Continue reading → is an online market place, similar to Craig’s List where visitors can buy and sell merchandise, search for or offer apartments and houses, post job offers and look for jobs; in addition to buying and selling other goods and services. It also has a section devoted to dating; segregated by the categories of “women looking for men”, “men for women”, “men for men” and “women for women”. There is another section titled “adult” that caters to those looking for escorts, body rubs, strippers & strip clubs, dom & fetish, ts (transsexuals), male escorts, phone & websites (of an adult nature) and adult jobs. When clicking on any of the adult categories a disclaimer appears that asks you to confirm that you are over 18 years of age, and then discloses that the content found in this section of the online market contains “sexual content, including pictorial nudity and adult language.” Before going any further you’re required to click a link that states “I agree” and by doing so you are made aware that you have read the disclaimer and understand it as well as the separate terms of use.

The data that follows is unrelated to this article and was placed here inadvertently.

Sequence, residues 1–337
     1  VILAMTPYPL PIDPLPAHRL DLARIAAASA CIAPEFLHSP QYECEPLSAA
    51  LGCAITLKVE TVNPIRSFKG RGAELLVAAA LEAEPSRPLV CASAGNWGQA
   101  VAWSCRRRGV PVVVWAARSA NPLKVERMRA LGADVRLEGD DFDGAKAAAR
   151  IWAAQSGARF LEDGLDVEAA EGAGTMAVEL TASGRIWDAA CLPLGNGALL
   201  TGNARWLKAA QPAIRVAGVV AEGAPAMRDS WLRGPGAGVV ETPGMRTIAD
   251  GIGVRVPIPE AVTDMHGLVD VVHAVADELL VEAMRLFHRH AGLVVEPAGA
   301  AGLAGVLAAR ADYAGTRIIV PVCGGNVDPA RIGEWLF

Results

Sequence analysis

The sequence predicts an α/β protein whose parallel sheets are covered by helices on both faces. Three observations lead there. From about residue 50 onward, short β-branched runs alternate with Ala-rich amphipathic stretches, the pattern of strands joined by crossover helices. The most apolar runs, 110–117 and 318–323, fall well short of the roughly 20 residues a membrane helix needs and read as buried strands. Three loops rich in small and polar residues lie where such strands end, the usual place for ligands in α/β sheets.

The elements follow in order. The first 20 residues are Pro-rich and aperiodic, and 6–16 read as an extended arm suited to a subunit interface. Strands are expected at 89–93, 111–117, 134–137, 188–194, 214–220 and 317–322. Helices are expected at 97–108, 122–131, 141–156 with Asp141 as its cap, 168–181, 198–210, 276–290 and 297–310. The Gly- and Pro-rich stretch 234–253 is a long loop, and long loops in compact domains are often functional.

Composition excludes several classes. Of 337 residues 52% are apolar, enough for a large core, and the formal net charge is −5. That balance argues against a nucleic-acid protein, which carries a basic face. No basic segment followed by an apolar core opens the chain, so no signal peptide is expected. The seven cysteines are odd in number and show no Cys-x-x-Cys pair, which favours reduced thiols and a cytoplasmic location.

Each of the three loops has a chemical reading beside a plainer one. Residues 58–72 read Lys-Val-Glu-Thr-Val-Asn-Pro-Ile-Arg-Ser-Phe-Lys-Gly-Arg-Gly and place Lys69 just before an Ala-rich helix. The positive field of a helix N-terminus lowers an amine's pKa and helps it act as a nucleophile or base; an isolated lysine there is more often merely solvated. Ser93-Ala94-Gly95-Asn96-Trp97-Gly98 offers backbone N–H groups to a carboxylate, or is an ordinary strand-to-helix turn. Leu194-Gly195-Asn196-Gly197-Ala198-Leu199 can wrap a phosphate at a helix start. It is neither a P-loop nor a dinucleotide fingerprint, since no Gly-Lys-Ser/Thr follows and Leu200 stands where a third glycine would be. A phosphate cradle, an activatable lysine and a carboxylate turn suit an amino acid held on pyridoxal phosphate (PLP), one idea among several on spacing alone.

Sara’S Entertainment Service, LLC is a Florida State Limited Liability Company located in Boca Raton. It was registered with the Florida Department of State’s Division of Corporations in Jun 2009. The Registered Agent is Sara J. Abdala, who now goes by the name of Sara Marin. The address listed for the LLC is 22312 Calibre Court Boca Raton, FL 33433 in Palm Beach County. The company used as one of the means to advertise its services.